Editor: On Nov. 9 we participated in the city of Brooksville Veterans Day Parade. I and others asked, "Where are the people?"
There were more people in the parade than there were watching it. What happened to patriotism? Is it going to take another 9/11 to stir people? I hope not.
The few people who did show up, with a few exceptions, do not know how to salute the flag. They stood there with their hands in their pockets, arms folded, really not paying any attention to the parade.
I want to thank Anna Liisa Covell, Chief Ed Tincher of the Brooksville Police Department and Del Gibson, commander of American Legion Post 99, for putting this parade together. They did a great job.
John McMillan, president
Korean War Veterans Assn.
End of teacher pay battle
brings a bitter result for union
Editor: So, the teachers have lost their battle of attrition with school district negotiators concerning pay raises. Wasn't the 5.3 percent pay raise what the district had offered our teachers all along? How can the teachers' union look their members in their faces and feel good about this slap-in-the-face pay raise?
Superintendent Wendy Tellone will be clicking her heels that she has managed to bend the will of our poorly paid teachers and make them accept her pitiful handout. I hope she will not expect a pat on the back for widening the already cavernous divide between teachers and administrators.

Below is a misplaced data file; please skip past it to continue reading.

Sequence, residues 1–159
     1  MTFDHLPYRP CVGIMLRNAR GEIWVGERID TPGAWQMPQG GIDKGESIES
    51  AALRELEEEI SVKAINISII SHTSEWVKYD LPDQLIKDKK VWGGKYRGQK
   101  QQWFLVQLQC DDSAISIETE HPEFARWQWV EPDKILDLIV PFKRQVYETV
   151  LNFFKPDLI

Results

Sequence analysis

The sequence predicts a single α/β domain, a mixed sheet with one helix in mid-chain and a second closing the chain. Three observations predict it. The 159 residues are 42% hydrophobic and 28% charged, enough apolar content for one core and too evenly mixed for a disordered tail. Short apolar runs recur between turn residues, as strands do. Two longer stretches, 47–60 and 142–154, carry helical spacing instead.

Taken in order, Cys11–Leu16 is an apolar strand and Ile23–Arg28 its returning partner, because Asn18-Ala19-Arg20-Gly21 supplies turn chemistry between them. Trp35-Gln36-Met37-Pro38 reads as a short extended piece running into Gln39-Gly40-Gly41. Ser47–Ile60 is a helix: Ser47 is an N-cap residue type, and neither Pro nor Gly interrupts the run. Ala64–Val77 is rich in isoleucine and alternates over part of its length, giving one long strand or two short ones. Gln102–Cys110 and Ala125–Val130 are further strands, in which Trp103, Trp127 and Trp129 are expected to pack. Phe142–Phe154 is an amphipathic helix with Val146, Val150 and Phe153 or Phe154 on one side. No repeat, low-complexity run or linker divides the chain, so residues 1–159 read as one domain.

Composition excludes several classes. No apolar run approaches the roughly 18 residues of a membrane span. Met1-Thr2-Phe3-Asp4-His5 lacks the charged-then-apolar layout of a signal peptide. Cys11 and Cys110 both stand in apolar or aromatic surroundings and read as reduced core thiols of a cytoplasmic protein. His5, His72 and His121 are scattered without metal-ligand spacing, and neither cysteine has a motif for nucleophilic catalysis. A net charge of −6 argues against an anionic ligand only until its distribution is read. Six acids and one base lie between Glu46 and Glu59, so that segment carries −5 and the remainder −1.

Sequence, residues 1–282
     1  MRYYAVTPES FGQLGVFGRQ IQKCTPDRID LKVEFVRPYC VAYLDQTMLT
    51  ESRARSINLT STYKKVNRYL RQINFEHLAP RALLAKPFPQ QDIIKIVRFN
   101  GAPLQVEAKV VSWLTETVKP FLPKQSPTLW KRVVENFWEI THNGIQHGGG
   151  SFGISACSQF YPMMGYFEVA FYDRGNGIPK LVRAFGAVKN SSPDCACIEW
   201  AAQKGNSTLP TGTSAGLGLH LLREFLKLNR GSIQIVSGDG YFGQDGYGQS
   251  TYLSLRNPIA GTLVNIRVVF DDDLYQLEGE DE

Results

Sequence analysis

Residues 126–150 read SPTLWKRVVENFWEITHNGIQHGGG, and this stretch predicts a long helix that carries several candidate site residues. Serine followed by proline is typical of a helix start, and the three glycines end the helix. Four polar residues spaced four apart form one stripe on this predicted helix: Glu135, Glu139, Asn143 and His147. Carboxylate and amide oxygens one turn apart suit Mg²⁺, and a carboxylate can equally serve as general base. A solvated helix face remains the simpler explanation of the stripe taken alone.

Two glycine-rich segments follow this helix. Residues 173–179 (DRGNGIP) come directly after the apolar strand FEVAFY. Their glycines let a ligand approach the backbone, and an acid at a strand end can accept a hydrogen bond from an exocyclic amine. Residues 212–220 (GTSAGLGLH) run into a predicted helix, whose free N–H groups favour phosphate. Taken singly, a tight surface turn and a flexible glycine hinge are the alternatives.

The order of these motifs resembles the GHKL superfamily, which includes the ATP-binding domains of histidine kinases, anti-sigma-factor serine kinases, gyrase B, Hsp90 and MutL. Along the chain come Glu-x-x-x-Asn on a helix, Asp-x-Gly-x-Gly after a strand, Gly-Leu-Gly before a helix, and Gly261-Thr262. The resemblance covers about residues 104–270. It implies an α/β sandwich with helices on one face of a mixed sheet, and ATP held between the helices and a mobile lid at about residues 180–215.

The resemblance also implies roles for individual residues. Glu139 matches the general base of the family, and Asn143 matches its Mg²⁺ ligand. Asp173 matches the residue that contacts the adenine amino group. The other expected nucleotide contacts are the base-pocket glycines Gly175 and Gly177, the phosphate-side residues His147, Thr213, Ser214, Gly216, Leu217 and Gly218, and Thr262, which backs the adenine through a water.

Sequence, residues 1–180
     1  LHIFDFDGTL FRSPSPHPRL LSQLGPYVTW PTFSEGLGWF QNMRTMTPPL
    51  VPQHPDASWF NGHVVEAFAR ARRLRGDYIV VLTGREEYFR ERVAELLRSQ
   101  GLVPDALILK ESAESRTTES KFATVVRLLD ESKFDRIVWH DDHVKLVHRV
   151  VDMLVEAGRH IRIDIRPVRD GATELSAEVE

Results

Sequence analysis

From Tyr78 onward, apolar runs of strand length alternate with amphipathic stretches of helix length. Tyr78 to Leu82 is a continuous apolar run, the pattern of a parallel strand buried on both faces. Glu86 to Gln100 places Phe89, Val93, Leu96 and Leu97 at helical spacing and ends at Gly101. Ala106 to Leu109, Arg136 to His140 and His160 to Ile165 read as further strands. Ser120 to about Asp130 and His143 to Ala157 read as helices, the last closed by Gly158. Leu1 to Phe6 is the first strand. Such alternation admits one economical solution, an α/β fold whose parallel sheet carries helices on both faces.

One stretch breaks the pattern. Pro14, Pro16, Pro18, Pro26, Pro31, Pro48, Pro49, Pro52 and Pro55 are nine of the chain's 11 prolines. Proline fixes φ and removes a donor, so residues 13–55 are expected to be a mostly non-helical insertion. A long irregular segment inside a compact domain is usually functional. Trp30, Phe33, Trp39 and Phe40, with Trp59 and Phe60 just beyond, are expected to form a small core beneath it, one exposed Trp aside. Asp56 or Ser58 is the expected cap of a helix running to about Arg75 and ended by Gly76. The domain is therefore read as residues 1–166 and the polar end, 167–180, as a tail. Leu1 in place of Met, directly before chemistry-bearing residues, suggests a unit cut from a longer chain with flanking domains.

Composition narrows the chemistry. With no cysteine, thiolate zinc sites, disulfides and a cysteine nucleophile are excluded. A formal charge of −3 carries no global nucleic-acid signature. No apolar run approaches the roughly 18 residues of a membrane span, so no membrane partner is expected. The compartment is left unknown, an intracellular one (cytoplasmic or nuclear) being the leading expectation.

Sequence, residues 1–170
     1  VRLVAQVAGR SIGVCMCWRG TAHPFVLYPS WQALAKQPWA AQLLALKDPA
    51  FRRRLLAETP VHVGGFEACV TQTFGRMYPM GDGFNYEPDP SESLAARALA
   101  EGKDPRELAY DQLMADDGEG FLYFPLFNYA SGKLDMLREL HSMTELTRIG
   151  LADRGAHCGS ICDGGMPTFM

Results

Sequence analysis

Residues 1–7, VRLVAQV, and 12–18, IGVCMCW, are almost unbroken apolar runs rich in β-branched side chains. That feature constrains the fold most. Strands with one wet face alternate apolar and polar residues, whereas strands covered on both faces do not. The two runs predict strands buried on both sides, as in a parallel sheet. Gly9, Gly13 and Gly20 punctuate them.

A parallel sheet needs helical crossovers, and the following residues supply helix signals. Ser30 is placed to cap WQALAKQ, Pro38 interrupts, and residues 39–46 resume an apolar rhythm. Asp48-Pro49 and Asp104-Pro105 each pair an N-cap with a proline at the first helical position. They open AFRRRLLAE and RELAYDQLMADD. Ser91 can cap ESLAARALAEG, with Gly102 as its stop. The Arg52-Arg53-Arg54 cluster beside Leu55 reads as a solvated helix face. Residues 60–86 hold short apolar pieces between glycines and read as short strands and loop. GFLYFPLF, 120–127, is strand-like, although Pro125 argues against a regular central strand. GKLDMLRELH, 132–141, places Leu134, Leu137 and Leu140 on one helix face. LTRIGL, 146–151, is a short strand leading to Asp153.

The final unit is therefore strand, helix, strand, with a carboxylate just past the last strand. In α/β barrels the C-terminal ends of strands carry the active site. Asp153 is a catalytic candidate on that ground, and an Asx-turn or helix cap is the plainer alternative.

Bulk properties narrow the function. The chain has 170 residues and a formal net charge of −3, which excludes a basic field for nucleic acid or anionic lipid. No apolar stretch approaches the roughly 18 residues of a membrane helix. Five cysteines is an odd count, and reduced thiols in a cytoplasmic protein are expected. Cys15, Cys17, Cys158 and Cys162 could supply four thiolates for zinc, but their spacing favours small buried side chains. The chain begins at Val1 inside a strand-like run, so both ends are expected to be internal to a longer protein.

Chuck Zimoski, Spring Hill
Commissioner Kingsley served
community honestly and well
Editor: Re: Saying goodbye brings tear to commissioner's eye, Nov. 13, Times:
I was pleased to read this article, which highlighted the positive character of Chris Kingsley, as well as other political leaders.
I am sorry to see Kingsley leave the County Commission.
I have known Kingsley for several years and regard him as a person of integrity and conviction, with a relentless commitment to strengthening all aspects of our community. He has served our community well.
He has paid the price for sticking to his own convictions and principles. Good soldiers live and die by the sword. Kingsley was never one to dodge a tough issue.
You could always count on him to take a stand and be engaged in challenging issues. You have to admire him for that, regardless of whether you agreed with him.
Not to take anything away from Robert Schenck, because his story is yet to be written, but I believe Kingsley can hold his head high for his service to our community while in public office.
Mark Barry, Spring Hill
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